|back||view article in its original form|
Sleater-Kinney dig themselves out of Olympia with third album
(February 19, 1999)
No need to call the doctor. If mass recognition, major label courtships and kowtowing by rock journalists were Sleater-Kinney's goals, their cup runneth over last year. Despite the media's blazing exposure, however, this Pacific Northwest powerhouse is still sipping from a mug full of self-reliance and integrity. On their latest tome, The Hot Rock, the trio retains its indie label status (Kill Rock Stars) and pushes the depth of its songwriting without softening the edges.
"After making a record like Dig Me Out, where the energy is actually very dense, as a songwriter you naturally step back from that," says guitarist/vocalist Carrie Brownstein. Brownstein, formerly of Excuse 17, and Corin Tucker, who played in Heavens to Betsy, formed the band in 1994 in their hometown of Olympia, Wash. "We wanted to write songs that have more subtlety or more space. Also, we wrote Dig Me Out in about two months. We wrote this one over the space of a year. I think the album is a reflection of the amount of time we had. It's much more vast, richer in texture."
When the mainstream press first tuned in to the band, about the time of their second release ('96's Call the Doctor), Sleater-Kinney had to endure all the riot grrrl cliches. But it was '97's Dig Me Out that defined the band's sound: the ragged interplay of Tucker and Brownstein's guitars and the jagged, bass-less rhythms anchored by drummer Janet Weiss. The most distinguishing feature of that release, however, was the vocal give-and-take between Tucker's craggy caterwaul and Brownstein's more tranquil, grounded singing.
"I think in general we knew we had made a good record [with Dig Me Out] and we were really proud of it," Brownstein says. "It was exciting but also scary. Luckily, we were on tour, so you're actually doing the thing that people are talking about. [The attention] can also seem very separate from your life, so that's why it was good to be playing shows instead of sitting at my house [hearing about] this review or article."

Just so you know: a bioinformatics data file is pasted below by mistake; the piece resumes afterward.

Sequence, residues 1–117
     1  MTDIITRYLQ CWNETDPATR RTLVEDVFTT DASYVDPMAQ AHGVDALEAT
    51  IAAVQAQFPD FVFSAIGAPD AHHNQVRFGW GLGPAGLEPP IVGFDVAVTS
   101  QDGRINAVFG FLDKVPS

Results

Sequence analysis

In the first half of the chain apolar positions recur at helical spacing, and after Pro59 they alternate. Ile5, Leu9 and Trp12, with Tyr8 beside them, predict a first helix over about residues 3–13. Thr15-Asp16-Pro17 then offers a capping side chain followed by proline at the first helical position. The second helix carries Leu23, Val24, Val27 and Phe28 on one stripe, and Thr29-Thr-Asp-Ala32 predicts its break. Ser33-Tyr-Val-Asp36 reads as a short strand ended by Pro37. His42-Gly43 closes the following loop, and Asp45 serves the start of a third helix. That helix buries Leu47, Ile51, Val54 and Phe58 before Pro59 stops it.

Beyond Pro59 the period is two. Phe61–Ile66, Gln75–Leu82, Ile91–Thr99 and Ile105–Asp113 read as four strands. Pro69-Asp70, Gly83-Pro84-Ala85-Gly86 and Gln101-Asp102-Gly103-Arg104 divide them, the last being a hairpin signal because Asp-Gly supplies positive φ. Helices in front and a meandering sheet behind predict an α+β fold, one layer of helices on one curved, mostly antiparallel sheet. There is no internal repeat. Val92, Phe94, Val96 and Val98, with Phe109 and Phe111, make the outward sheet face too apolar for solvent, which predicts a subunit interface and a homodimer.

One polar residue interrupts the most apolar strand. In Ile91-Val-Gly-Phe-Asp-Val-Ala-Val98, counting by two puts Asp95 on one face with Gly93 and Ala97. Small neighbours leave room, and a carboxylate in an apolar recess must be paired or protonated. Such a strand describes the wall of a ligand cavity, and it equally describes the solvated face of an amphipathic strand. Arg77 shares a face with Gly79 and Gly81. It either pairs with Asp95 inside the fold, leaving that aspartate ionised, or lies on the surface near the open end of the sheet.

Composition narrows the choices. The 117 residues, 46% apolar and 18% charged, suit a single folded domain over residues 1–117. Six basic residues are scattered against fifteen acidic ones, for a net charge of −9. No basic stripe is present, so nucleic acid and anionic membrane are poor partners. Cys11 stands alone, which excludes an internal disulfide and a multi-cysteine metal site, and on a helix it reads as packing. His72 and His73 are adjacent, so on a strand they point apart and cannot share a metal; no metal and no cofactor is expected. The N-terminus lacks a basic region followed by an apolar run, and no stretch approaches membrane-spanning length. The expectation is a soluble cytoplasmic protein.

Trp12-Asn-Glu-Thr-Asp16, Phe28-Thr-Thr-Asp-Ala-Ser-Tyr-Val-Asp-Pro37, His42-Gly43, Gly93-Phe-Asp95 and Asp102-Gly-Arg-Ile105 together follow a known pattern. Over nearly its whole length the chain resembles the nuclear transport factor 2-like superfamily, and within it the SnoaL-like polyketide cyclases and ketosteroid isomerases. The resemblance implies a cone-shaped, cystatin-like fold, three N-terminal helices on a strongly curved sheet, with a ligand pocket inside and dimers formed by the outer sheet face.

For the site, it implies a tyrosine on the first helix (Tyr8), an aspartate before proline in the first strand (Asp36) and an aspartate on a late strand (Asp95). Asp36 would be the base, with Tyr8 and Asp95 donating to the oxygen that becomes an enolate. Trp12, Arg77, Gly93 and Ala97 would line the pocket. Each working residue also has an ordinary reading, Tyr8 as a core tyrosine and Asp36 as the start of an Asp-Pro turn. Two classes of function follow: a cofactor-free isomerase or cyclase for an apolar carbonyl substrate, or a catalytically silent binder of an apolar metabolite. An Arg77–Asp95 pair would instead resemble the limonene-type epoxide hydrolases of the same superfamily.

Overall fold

One article in particular did call their attention. Spin magazine a couple of years ago made reference to Brownstein and Tucker's personal love relationship, without, according to Brownstein, asking about it in the interview.
"It was a complete invasion of privacy," Brownstein contends, with lingering anger. "My parents didn't know Corin and I were going out. They didn't know I had ever dated a woman before. It was horrible. I was pissed at Spin, really mad. Luckily my parents are great people, but God forbid I would have some family that would disown me over something like that. And I would have totally held Spin responsible for that." The incident hasn't affected Tucker and Brownstein's working relationship. Brownstein admits they are vastly different personalities (they are no longer romantically involved), but the occasional tensions from working so closely are more of a creative drive than hindrance. Now, there is more of a physical distance between band members than personal.
Currently, Weiss and Tucker live in Portland while Brownstein remains true to her Olympia roots, where she is exploring all that city has to offer in the form of the seven-member South Capitol Players Theater group. The troupe, mostly musician types, writes plays and musicals. Weiss is in the keyboard and drum outfit Quasi and Tucker fronts a Sixties-influenced garage band called Cadallaca, which Brownstein likens to Dusty Springfield (as opposed to her other side project, the Tentacles, which she aligns more with the Troggs). But despite their neo-retro sounds, Brownstein, as she professes in the track "Banned from the End of the World" on Hot Rock, harbors no millennial-triggered fears of what lies ahead.
"I find it kind of ridiculous when people fear the future. We are the ones who are going to create it. What abstract thing are you fearing except yourself?" Brownstein says. "But at some point, it comes to its natural end. You can't play in a band for forty years, unless you're the Rolling Stones."